Yes, round and round we go until the second coming of Christ. Is that a cause for praising God? Are we called to be one body, one church today or are we called to bicker until the end of time? Jesus wants all to be one; but you and I can’t even agree on how a person is reborn and we have no realistic hope of coming to agreement because we have no common authority to turn to (yes we have the bible but we’re both convinced our interpretations are correct).

And to this you say Alleluia?

You said “I shall not list the bishops who fought for doctrinal purity against Rome, over succession, supreme bishop(pope),when to celebrate Easter, Mary"s Immaculateness or Assumption,etc,etc....”

Certainly we can find bishops who disagreed with Rome (I see you still cling to the Pope Gregory the Great Denied the Papacy fallacy. I thought we put that to bed). Look at the Greek Orthodox or Eastern Orthodox churches. They disagreed with Rome over a millennia before Luther did but did they hold to what you call “doctrinal purity”?

Both believe Christ is present in the Eucharist.

Both have formal structure and hierarchies of bishops

Both believe in the real grace of sacraments (regenerative baptism, etc).

Where were these “doctrinally pure” bishops you speak of? Where are the bishops who hold to the truths YOU believe in? If you find a bishop who doesn’t think Mary was immaculate are you prepared to accept that bishop’s other teachings? Are you prepared to FOLLOW that bishop or are you just going to use him as a convenient stick to whack the Roman Catholic Church?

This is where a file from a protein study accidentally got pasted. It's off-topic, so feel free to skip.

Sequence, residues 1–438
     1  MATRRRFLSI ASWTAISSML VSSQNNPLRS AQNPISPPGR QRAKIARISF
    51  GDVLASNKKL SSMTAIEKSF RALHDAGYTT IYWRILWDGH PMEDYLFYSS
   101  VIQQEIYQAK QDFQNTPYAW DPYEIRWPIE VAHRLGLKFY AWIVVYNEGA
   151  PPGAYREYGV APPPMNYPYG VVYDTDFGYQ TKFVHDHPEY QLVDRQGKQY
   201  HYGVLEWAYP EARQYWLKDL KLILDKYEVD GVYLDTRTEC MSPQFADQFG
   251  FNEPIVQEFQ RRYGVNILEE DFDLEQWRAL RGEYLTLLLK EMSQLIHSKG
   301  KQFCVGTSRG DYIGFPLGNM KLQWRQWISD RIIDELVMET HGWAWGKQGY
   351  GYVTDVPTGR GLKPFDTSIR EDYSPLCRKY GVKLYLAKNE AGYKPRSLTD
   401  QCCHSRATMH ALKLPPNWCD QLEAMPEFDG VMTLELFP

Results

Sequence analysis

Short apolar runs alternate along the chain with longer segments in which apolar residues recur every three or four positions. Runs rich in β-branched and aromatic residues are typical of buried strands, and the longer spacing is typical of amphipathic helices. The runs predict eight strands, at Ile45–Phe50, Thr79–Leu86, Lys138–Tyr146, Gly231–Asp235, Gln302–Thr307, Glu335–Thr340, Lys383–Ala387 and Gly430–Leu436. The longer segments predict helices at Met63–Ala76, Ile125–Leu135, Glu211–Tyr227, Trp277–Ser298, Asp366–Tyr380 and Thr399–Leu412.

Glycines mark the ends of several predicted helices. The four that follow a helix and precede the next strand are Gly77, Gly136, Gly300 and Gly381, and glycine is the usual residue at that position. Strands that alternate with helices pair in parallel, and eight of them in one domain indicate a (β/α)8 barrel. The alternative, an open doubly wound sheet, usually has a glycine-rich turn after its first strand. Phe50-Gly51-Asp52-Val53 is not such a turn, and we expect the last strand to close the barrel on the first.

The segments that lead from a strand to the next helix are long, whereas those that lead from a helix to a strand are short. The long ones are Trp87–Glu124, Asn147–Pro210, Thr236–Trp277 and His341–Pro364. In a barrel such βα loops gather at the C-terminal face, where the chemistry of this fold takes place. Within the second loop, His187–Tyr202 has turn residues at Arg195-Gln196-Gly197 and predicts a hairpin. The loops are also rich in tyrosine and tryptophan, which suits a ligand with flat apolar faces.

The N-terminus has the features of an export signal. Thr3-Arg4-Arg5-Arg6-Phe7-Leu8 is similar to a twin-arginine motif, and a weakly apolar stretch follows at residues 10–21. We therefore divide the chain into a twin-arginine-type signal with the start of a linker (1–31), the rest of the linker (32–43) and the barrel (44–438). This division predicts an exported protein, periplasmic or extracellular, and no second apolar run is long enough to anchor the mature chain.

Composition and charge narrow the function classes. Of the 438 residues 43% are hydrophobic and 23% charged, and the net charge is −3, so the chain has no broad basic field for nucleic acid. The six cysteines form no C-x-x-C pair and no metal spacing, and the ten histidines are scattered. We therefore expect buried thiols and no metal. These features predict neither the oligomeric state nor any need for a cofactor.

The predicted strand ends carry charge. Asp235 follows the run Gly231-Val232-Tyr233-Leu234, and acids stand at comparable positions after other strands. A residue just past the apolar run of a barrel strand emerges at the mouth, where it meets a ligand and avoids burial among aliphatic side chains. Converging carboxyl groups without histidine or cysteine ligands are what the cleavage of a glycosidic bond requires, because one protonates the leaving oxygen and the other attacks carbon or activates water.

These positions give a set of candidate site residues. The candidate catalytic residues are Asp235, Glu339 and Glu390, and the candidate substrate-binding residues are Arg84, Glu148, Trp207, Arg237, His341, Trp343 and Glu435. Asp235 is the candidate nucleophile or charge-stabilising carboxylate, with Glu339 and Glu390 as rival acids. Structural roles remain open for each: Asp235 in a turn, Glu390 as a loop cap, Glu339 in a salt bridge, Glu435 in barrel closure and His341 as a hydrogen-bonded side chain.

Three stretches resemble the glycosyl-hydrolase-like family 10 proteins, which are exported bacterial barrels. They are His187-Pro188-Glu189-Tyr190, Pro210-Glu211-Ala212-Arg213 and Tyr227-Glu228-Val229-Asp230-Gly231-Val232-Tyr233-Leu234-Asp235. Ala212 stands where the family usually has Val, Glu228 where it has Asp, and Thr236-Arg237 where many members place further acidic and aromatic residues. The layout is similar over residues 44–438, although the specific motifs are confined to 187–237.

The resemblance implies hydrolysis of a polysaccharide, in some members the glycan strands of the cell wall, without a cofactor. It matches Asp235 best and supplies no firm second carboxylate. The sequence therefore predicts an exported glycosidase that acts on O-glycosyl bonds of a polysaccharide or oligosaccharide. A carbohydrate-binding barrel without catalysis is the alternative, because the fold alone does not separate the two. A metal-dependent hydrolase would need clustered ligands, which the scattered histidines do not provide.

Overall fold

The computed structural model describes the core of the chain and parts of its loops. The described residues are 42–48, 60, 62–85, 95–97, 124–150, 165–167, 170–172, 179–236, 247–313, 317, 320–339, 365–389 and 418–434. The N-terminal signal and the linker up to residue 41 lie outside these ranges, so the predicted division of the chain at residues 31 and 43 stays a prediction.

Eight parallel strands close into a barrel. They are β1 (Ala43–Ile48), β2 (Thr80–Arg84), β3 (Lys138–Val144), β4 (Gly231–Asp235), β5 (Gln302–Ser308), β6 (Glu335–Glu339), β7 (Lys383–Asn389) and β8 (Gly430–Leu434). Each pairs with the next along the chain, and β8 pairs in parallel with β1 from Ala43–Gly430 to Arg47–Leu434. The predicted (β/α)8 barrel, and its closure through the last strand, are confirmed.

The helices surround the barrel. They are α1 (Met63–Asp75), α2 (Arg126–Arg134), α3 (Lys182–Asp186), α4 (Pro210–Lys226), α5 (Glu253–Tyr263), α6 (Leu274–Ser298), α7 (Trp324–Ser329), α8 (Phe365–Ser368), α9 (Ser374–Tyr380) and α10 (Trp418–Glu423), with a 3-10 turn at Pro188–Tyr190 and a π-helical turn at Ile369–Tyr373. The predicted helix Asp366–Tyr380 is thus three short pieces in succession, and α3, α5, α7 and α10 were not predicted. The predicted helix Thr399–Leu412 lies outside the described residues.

We can both find plenty of bishops who disagreed with Rome on this or that point. Show me even one bishop who AGREES with you on every point. What bishop held your beliefs in the year 800, 1,000, or 1,100? Show me someone, anyone, who held that baptism was symbolic only, Christ wasn’t present in the Eucharist, and who rejected other foundational aspects of Roman Catholicism in favor of your beliefs. Did anyone then believe what Dave believes today?

If you can’t find anyone then please explain how Christ’s ONE Church could start at Pentecost, disappear for a few hundred years and somehow restart at the Reformation. How can a perpetual Church (“All days” Mt 28:28) stop and restart?